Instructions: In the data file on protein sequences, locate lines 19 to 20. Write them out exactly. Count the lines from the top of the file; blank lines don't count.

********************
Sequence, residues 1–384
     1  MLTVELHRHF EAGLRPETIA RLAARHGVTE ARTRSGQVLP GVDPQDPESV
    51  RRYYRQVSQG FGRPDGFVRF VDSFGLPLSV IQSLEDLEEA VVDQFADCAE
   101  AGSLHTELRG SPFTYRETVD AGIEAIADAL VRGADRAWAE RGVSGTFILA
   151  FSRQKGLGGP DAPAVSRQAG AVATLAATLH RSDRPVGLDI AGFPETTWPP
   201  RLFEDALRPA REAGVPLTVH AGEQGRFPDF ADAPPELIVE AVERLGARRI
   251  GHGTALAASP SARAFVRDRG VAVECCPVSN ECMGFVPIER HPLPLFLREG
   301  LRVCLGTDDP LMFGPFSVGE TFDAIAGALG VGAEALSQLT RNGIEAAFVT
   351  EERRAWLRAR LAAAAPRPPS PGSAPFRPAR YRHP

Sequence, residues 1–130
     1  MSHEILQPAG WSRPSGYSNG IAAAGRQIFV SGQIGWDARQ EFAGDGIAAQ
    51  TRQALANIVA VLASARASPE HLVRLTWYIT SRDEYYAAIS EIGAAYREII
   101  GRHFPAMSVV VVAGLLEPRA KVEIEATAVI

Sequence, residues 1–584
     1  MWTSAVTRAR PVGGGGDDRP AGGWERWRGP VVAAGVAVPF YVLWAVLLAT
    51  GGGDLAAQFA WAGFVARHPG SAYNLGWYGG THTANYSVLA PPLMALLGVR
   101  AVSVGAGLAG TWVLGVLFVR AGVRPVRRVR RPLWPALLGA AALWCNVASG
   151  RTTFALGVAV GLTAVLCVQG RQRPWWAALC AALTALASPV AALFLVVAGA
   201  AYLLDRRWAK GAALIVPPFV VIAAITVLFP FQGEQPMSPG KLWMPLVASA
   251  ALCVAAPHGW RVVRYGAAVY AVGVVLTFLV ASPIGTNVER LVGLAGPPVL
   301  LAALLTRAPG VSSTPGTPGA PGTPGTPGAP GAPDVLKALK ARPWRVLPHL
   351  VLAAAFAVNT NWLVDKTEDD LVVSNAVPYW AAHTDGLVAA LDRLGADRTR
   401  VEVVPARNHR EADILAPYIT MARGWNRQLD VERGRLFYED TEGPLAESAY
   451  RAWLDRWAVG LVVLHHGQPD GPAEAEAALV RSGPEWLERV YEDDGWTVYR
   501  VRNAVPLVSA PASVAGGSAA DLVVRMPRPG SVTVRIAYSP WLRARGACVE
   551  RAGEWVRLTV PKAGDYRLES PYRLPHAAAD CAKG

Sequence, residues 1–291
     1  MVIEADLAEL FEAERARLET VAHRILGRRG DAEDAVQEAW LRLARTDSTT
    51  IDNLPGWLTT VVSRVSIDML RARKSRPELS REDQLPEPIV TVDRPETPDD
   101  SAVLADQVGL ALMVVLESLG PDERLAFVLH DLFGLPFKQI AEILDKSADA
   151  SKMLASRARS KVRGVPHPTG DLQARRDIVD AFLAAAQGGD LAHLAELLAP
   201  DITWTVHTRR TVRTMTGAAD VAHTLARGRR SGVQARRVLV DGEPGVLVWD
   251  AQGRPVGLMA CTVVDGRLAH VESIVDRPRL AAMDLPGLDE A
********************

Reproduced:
   201  AYLLDRRWAK GAALIVPPFV VIAAITVLFP FQGEQPMSPG KLWMPLVASA
   251  ALCVAAPHGW RVVRYGAAVY AVGVVLTFLV ASPIGTNVER LVGLAGPPVL